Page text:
| Musicians proposals | 2005-12-14
|This is the first review of K-Space's Going Up cd. It says it all.|
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AD HOC CD
Bear Bones (SLAM CD) the 2002 release by shamanic improvising trio K-Space has provided some of the richest and most absorbing repeated listening I've experienced from a CD in recent years. Potent, stimulating and uproarious music. Going Up, the sequel from Scottish drummer Ken Hyder, English multi-instrumentalist Tim Hodgkinson and Tuvan throat singer and percussionist Gendos Chamzyryn promises to be still more rewarding and illuminating through time. Above and beyond procedures of improvised music-making K-Space is a long-term research project. It was established nearly a decade ago, in the course of one of Hyder and Hodgkinson's Radical Transcultural Initiatives, taking musical experimentation to rural communities in southern Siberia where they encountered Chamzyryn and found common ground.
For Going Up these musicians have superimposed performances from different occasions and places, some dating back to Hyder and Hodgkinson's initial trip to Siberia in 1990, but also concerts staged in Western Europe. These recordings, with their disparate acoustic properties, are overlaid and overlapped to form dense sonic thickets alive with action and event, palpably embedded in the multidimensional flux of the world and lived social structures. Human voices conversing, footfalls on frozen ground, a blackbird singing, the sound of the wind or water, the crackling of wood in a fire, audience applause - sounds from specific sites with their own peculiar resonance and significance leak through the K-Space mesh into the listening present.
This layering and the filtering through of discrete geographic and temporal occasions compounds that superimposition already at work in the trio, the piling up and overlap of intense personal experience. Chamzyryn, a bona fide shaman and folk artist; Hodgkinson, academically trained in social anthropology, an exploratory rock musician, composer and radical improviser; Hyder, jazz drummer, free player, inveterate field worker in remote musical worlds. Chamzyryn brings his astonishing deep-vocal overtone singing and the trance tempo beat of his dungur shaman drum. Hodgkinson plays lap steel guitar and reeds. Hyder, heard drumming and singing, tells me that this music puts into practice "a whole lot of things we've learned over a very long time". But that practical knowledge and acquired technique inhere in the substance of this remarkable montage; it's never really a matter of who's playing what or how. Other instruments feature; other sounds whose source is unclear.
K-Space offer an invitation to immersive listening, to jettison auditory compass, watch and map and plunge beyond familiar coordinates, into the openness, instability and fluidity of their singular music. Going Up layers episodes of instrumental, vocal and environmental sound activity to induce states of listening that don't merely involve expectations being met. It creates its own contexts, shifting shape, juggling time, volatile with details realigning on each listen. And it carries the imprint of a lived world that admits fascination as well as intensity of physical experience.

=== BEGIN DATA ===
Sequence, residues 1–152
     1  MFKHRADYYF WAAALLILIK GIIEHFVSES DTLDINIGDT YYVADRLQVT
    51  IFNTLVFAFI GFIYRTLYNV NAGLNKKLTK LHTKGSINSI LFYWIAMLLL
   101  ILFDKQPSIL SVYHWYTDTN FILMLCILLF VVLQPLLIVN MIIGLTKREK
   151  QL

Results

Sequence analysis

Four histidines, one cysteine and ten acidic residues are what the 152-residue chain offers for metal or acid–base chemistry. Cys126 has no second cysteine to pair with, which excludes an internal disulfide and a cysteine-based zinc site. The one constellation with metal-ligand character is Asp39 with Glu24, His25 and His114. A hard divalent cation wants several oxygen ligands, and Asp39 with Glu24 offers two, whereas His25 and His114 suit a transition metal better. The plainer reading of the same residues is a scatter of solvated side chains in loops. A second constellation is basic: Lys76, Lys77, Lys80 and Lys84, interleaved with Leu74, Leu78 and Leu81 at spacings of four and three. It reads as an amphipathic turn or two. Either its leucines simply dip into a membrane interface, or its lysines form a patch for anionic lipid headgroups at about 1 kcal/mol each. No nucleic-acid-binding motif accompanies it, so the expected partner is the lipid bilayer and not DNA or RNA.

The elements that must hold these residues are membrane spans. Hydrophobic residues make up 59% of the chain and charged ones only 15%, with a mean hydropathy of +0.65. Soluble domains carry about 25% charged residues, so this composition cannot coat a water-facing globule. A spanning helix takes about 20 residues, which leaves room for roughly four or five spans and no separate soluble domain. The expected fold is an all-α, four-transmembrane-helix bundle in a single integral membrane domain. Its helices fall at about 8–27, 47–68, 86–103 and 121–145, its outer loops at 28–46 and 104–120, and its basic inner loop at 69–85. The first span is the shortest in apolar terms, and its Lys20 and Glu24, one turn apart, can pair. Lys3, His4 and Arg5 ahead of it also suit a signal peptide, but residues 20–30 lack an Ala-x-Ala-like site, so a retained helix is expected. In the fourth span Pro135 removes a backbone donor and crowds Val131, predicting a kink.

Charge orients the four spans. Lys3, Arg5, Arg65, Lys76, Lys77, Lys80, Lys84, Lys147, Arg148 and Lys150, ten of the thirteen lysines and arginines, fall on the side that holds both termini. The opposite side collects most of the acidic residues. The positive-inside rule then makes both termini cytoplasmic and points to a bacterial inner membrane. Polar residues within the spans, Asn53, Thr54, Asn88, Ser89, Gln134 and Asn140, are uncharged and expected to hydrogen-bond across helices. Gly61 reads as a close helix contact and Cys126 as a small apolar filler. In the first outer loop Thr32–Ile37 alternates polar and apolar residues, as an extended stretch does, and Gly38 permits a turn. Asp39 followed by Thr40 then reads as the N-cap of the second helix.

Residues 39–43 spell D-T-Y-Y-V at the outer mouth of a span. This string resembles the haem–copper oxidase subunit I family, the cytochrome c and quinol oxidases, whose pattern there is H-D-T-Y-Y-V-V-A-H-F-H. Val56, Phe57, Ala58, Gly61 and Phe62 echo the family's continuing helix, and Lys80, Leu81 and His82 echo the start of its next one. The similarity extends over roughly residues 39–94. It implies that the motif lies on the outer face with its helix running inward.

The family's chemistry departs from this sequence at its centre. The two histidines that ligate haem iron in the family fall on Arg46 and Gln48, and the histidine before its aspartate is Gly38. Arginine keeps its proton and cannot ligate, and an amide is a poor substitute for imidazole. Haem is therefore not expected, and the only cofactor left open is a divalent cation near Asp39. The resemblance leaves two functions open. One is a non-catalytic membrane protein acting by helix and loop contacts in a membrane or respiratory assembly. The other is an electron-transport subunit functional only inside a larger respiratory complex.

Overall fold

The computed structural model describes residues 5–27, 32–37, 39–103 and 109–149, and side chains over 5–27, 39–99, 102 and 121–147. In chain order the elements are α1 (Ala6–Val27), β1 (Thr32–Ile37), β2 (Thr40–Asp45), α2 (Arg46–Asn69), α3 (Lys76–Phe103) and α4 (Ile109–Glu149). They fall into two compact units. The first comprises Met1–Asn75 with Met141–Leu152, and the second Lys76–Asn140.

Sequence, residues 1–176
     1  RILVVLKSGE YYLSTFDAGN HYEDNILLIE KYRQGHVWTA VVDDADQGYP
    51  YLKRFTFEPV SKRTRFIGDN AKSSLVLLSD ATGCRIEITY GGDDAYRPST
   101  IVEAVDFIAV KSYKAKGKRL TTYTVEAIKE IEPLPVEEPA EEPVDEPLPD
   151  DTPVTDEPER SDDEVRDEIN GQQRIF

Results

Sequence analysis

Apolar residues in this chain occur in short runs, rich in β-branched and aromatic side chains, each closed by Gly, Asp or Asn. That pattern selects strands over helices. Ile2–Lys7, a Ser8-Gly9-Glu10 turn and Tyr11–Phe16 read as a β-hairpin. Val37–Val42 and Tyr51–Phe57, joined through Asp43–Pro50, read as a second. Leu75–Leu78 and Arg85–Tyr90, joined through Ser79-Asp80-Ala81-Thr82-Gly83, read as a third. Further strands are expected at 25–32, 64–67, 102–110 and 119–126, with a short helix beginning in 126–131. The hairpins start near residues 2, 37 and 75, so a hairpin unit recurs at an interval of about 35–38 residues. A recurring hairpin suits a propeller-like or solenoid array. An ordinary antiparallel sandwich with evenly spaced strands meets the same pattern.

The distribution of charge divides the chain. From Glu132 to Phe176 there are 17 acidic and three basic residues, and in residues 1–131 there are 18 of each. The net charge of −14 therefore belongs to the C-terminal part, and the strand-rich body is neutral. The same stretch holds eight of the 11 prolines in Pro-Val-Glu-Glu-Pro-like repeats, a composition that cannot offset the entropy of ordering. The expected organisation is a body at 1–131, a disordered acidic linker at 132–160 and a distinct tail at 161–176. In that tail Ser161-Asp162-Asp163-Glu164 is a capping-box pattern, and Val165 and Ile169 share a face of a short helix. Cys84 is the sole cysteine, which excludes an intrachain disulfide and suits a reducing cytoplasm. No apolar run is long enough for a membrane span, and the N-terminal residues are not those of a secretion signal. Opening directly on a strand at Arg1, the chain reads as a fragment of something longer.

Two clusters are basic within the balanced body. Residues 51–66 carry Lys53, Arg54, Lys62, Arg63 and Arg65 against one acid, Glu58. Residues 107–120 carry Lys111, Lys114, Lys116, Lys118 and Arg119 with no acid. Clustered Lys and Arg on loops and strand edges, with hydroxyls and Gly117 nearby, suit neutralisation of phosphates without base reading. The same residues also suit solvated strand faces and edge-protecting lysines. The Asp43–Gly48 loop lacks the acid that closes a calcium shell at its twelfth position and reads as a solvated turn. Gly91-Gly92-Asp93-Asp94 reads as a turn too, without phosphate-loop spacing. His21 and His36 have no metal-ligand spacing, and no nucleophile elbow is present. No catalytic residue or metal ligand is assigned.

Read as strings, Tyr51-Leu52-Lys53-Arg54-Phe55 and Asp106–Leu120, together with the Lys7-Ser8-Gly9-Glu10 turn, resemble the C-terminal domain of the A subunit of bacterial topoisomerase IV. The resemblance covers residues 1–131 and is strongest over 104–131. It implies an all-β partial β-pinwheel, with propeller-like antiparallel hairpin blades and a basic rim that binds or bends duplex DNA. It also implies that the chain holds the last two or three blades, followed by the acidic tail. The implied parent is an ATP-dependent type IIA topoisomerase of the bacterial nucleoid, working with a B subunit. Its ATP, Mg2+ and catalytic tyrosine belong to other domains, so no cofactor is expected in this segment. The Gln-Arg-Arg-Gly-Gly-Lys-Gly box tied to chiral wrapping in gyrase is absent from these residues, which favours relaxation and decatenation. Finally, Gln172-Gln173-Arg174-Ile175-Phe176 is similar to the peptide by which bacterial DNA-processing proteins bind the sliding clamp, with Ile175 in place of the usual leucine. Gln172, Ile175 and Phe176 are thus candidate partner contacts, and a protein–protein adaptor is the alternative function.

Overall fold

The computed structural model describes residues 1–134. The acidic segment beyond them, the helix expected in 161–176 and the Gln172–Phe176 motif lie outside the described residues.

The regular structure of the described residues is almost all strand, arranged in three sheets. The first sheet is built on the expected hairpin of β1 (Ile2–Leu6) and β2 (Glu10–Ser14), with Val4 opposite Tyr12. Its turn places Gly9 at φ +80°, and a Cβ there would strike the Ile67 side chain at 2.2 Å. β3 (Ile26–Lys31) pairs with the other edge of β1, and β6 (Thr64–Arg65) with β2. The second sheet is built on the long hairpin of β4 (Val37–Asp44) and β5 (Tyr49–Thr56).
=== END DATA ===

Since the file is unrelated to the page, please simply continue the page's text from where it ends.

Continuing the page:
The name K-Space refers to theories of Russian astrophysicist Nicolai Kozyrev who argued that time is a conduit for energy. He developed a kind of time-machine, a spiral room which Hyder and Hodgkinson entered during their travels. Cast into darkness Hyder experienced a sensation of flying. Both men were moved at a level that they feel reluctant or unable to put into words. The scientist, it seems, was in pursuit of wisdom transmitted amongst shamans.
Arcane science, esoteric lore and its fallout in musical practice that departs from regulative norms prevailing even in much avant-garde Western music. It's difficult to write of K-Space without sounding uncomfortably portentous. But it really does offer redress for the flimsy pretensions of the many market oriented cross-cultural hybrid musical confections that have been manufactured during the past few years. In his recent interview with Will Montgomery (The Wire 262) Hyder speaks from the inside of K-Space in ways that are entirely persuasive, restoring gritty credibility to the vocabulary of "spirit" while making a case for the excitements and revelations of creative disorientation. Far removed from the weightlessness of World Music impressionism and the sham of New Age flotsam Going Up, as Hyder rightly observes, approaches the condition of "total music". The crucial thing is to hear and feel it. It's made for those of us who want listening to remain a real adventure and an ongoing process of discovery.
And here's a link to an MP3 of the first track -
Wire profile -
UK distributors -